Interview with Ross Douthat

November 16, 2016

During his visit to Amherst College, New York Times columnist Ross Douthat sat down with Amherst magazine editor Emily Gold Boutilier to discuss American conservatism.

Not even a journalist and pundit as versed in conservatism as New York Times columnist Ross Douthat could have predicted the outcome of the recent election.

“Most people who cover politics were wrong, as I was wrong in expecting him to lose,” Douthat admitted to a large crowd in Stirn Auditorium on Wednesday night. (Watch video of the talk, below.)

Having planned to speak at Amherst about a crisis in conservative politics following a Donald Trump defeat, Douthat, author of Bad Religion: How We Became a Nation of Heretics (2012), said Trump’s victory does not change the fact that there are problems within the conservative movement.

Before addressing those problems, though, Douthat outlined what he described as “American conservatism at its very best,” giving a short political history of the movement.

Fundamentally, he said, conservatives want to conserve. They want to preserve a country that maintains civil liberties and is highly capitalist. They’re suspicious of federal power and champions of civic engagement at the local level, he said. They want to retain traditions and social norms that appear to them to be either discarded or dismissed by their liberal counterparts.

Conservatism can also seem self-contradictory, Douthat said, because the movement encompasses religious conservatives, foreign-policy hawks and libertarians, all united under the banner of opposition to left-wing forces.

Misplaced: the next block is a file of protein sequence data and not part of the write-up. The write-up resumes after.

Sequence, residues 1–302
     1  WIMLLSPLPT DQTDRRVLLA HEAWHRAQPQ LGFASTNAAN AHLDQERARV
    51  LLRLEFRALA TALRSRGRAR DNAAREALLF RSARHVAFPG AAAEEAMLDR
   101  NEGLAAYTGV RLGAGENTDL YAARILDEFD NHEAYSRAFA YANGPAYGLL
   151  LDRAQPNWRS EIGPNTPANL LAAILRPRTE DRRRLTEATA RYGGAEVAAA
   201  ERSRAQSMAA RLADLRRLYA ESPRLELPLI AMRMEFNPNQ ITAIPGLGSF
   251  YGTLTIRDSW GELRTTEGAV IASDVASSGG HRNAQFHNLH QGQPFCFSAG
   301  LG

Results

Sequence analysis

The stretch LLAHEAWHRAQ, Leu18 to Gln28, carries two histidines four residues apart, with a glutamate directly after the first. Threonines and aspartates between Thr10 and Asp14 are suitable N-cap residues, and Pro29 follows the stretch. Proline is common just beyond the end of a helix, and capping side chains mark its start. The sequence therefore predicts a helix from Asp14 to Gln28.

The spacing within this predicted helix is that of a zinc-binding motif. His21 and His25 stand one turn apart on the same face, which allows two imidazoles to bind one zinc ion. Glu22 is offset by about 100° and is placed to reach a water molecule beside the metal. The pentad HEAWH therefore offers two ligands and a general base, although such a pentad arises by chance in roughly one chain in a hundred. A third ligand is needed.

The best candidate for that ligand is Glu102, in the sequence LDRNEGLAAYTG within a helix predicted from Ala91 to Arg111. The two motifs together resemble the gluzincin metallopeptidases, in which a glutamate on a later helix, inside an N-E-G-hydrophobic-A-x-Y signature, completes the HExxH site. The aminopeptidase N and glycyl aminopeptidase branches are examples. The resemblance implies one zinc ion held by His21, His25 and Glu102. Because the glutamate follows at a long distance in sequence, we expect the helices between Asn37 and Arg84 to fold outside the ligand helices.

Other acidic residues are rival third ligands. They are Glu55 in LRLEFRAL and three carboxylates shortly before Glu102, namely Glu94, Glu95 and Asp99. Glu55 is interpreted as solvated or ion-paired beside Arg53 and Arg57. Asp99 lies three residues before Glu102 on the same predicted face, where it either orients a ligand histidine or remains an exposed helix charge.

Historically, he noted, the general public has often opposed leaders with conservative views, including when voters rejected Barry Goldwater during the Presidential election of 1964. After a series of social, economic and foreign-policy crises, though, conservative ideals gained ground with politicians such as Ronald Reagan.

“The conservative vision suddenly connected,” Douthat said. “Instead of having an abstract defense of what America should be, it found a political program.” 

As the Cold War ended and crime rates fell in the 1990s, conservatism again fell out of favor.

“Conservatism became a victim of its own success,” Douthat said. “You voted for a Republican because you wanted to win the Cold War, but once the Cold War was over, that was less important.”

By 2012, the Republican Party seemed in crisis, stuck with an apparent perpetual conflict between an establishment that leaned toward compromise and a base that apparently wanted to “double down on conservative purity.” 

“The reality is, politics has a lot more going on than just these big-picture ideas of what America has been or should be,” Douthat said. “What the paradigm missed was that a large swath of Republican-leaning voters felt the party didn’t have anything to say to them.” 

Then came Donald Trump, whose primary campaign ran counter to every element of what conservative intellectuals had been defending. 

Douthat paused. When he’d first outlined his talk a few weeks before, he’d included lessons on what to learn from a Trump defeat. There are still lessons that the conservative movement should heed, he argued, such as how the future of conservatism depends on its ability to reconnect with economic realities while also rechanneling “more toxic forces.”

“You want a conservatism that can be more populist without being a vehicle for white identity,” Douthat said.

Douthat outlined several possibilities for a Trump presidency. Its ideology might be centrist Republican, he said, or right-wing nationalist, or something in between, and its administration might be anything from authoritarian to incompetent.

In the Q&A session after the talk, when students asked about the future of affirmative action, Supreme Court rulings and foreign policy, Douthat noted that everyone is “groping in the dark” for answers.

“‛I don’t know’ is going to be the answer to all the questions about the future,” Douthat said. “American conservatism has darker elements than I wanted to believe.”


Ross Douthat on “American Conservatism and Donald Trump”

November 16, 2016

Amherst College welcomed author, blogger and New York Times columnist Ross Douthat for a talk titled “American Conservatism and Donald Trump.”